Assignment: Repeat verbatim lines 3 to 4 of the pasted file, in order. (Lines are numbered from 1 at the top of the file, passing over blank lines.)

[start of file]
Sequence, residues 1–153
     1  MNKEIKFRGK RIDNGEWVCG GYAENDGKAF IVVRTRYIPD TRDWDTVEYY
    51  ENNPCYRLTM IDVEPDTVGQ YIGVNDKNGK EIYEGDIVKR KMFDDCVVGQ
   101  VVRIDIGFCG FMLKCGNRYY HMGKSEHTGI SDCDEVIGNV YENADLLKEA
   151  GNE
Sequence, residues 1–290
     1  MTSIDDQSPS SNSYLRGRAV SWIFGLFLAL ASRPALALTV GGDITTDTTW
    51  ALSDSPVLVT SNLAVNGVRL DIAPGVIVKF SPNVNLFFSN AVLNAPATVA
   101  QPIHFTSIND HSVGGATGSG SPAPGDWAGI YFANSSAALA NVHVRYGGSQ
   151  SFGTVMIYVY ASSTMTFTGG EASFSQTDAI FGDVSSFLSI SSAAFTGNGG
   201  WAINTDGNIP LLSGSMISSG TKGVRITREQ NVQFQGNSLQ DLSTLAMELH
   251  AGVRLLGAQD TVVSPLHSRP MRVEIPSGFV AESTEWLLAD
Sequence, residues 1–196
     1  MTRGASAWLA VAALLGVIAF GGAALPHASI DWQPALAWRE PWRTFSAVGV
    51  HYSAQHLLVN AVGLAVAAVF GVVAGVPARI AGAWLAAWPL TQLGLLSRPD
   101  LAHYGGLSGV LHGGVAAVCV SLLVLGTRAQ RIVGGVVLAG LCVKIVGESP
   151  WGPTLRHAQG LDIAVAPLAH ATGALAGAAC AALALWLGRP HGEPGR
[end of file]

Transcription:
    51  ENNPCYRLTM IDVEPDTVGQ YIGVNDKNGK EIYEGDIVKR KMFDDCVVGQ
   101  VVRIDIGFCG FMLKCGNRYY HMGKSEHTGI SDCDEVIGNV YENADLLKEA